As we were negotiating what turned out to be a rather ill advised and very short-lived merger with a London common law set, I couldn't do it myself but I did write a paper for my pupil Joanne Gretton to present. The paper contained valuable contributions from Joanne and also from my wife, Yatoni, who then practised at the employment bar. At paragraph 4 we argued that an employee's implied duty of fidelity would preclude unauthorized use of the internet, that some reasonable monitoring of such access would not necessarily infringe an employee's Convention rights and that companies should adopt an information handling policy.

At that time the main impediment to implementing our suggestions was the absence of any reliable internet use monitoring software but an article by Munir Kotadia in today's Tech News on ZD Net (Employees to be billed for personal Net use?) suggest that there may now be such an application. According to Munir, the Australian company Exinda has developed a system that allows a company to monitor exactly which web sites are visited by each employee and how much bandwidth has been used in terms of a cash loss to the employer. Quoting one of the company's directors, Munir says that the system was designed to ensure that employees could be held responsible for the cost of misused bandwidth and time. It opened the possibility of a 'please explain' and a bill for the costs of the bandwidth and time you wasted, continued the director.

Of course, the law is one thing, good industrial relations is another. There will be considerable cultural differences. I can see supine southerners with sky high mortgages buckling down to this sort of intrusions. I can't see - at least I hope I can't see - my fellow northerners putting up with it.

28 December 2005

NIPC Radio: Programme No 2 - How the Law protects Investment in Brands

My second broadcast is up but I fear I have been far too ambitious. Instead of relying on the Windows "Sound Recorder" which I used yesterday for my Introduction to Intellectual Property Law which limited the recording to 60 seconds I downloaded the Audacity editing application. I spent much of today playing with it when I should have been working on an article for the Journal of Intellectual Property Law and Practice. The resulting file is 8 minutes long and took me over an hour to upload even on broadband. It does work. I have downloaded it from the Huddersfield Intellectual Property website.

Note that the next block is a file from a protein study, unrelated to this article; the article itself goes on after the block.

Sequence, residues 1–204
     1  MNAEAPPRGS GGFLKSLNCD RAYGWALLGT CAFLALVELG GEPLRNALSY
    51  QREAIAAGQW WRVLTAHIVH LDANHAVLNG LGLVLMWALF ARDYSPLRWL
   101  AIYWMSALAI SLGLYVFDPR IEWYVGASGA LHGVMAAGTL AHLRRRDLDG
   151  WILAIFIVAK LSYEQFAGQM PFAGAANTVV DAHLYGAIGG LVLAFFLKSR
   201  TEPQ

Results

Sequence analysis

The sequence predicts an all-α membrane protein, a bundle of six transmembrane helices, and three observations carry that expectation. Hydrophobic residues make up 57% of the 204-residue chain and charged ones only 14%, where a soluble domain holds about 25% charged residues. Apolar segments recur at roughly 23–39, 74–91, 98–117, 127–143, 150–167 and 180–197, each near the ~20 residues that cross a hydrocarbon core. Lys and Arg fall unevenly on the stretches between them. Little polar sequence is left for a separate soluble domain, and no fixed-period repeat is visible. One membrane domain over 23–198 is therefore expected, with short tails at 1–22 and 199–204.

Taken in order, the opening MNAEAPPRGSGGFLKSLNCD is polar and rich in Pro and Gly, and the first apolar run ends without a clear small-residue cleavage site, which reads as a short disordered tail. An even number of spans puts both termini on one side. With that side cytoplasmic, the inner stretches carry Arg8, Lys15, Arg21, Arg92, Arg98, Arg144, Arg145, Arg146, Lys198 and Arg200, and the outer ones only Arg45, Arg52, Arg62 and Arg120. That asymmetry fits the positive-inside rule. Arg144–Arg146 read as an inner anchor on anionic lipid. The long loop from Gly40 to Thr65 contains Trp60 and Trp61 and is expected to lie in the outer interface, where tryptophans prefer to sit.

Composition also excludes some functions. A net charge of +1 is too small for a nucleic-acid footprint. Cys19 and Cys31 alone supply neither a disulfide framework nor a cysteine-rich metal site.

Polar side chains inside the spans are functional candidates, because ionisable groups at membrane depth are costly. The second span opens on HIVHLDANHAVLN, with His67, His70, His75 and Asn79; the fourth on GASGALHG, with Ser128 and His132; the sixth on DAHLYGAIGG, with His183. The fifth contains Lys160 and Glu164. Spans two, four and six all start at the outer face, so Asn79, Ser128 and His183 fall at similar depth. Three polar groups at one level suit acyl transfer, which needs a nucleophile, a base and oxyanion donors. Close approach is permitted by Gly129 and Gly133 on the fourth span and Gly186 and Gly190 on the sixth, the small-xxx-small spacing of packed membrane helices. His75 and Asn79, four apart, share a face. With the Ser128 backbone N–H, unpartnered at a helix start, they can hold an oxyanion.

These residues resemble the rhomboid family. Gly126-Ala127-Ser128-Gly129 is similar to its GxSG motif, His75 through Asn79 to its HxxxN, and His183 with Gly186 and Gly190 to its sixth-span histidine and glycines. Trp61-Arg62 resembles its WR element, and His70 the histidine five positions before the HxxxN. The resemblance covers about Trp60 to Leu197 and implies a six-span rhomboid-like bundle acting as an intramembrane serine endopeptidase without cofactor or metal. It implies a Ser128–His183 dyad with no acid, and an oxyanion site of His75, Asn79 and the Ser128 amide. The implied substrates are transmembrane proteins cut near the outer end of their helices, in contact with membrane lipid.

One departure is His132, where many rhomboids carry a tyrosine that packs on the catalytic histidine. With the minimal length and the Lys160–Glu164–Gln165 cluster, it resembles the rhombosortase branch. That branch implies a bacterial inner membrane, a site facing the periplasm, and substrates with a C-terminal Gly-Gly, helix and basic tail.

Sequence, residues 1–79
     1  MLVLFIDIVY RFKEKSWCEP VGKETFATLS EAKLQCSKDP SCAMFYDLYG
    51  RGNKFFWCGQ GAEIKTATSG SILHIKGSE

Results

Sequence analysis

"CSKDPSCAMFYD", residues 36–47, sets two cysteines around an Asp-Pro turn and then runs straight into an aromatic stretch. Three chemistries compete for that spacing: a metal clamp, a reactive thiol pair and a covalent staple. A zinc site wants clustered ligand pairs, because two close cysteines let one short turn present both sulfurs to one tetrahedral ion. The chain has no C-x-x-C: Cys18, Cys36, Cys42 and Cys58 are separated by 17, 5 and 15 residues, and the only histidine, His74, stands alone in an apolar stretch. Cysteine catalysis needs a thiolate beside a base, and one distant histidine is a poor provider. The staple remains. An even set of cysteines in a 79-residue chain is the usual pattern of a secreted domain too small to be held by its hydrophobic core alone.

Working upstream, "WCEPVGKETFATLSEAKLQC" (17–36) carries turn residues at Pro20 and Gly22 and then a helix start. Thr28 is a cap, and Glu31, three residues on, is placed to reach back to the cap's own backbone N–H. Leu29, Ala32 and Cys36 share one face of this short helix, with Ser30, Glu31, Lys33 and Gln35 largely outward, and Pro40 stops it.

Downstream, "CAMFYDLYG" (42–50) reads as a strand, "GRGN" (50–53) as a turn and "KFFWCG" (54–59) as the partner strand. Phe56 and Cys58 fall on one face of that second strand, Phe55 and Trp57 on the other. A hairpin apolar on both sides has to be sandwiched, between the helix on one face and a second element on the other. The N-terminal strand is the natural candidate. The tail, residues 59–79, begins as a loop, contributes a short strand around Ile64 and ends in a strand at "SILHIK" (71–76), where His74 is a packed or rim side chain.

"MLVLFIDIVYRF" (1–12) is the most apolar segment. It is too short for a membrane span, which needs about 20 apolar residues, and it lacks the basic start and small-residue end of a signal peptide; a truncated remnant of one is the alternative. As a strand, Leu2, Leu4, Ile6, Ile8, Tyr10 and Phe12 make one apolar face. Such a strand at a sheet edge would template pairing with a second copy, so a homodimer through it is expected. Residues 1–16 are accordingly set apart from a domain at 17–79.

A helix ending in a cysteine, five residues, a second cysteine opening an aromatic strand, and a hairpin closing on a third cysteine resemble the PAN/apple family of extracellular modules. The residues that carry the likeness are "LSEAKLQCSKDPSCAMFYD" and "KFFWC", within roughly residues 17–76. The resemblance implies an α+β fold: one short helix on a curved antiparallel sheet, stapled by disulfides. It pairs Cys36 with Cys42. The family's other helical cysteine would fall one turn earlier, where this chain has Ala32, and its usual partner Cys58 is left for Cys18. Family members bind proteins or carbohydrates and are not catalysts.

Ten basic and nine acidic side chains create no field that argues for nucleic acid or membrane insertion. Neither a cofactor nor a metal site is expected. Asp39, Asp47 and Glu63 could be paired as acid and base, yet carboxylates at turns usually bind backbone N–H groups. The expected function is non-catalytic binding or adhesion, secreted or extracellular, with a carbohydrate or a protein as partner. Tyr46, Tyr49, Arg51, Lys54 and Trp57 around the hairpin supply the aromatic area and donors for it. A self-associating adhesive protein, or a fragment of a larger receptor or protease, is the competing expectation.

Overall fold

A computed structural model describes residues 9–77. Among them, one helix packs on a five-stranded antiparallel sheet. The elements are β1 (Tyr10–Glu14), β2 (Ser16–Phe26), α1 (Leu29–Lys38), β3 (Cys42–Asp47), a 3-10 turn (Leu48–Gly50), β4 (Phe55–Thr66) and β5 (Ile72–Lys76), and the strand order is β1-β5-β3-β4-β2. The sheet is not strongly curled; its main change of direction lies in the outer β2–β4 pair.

Anyway, I have spoken about "How the Law protects Investment in Brands". Although it takes a bit of time to download it should be worth the wait. I have thought about what makes a brand and what sort of investment is required to create one. In my view, there's more to the topic than trade mark registration and passing off.

I am not sure when I shall get round to "How the law protects Investment in Design". Probably when I have found a way to speed up uploading and downloading. Perhaps I ought to investigate zip files. Any suggestions?

WIPO Index of Patent Systems

A very useful resource on the WIPO website is the WIPO Index of Patent Systems. While ostensibly "a tool to help users of patent statistics to understand the impact of differences between patent systems on the interpretation of patent statistics," it could be of enormous practical value to business.

The laws of 41 countries are analysed and compared. Sadly, the UK, France, China and India are missing list but the European Patent Office is there as are the USA, Japan, Germany and South Korea and even Monaco and Libya. It should not be forgotten that the countries with the second and third highest rates of growth in PCT applications between 2003 and 2004 were from Korea and Japan respectively surpassed only by the Peoples' Republic of China (see Press Release PR/403/2005 "RECORD NUMBER OF INTERNATIONAL PATENT FILINGS IN 2004" 9 March 2005). In his talk to the UDRP panellists in October 2005, Dr Francis Gurry (who combines his role as head of the Arbitration and Mediation Centre with responsibility for the PCT) observed that if this growth continues, it will not be long before the bulk of the world's technical literature will be in a North Asian language.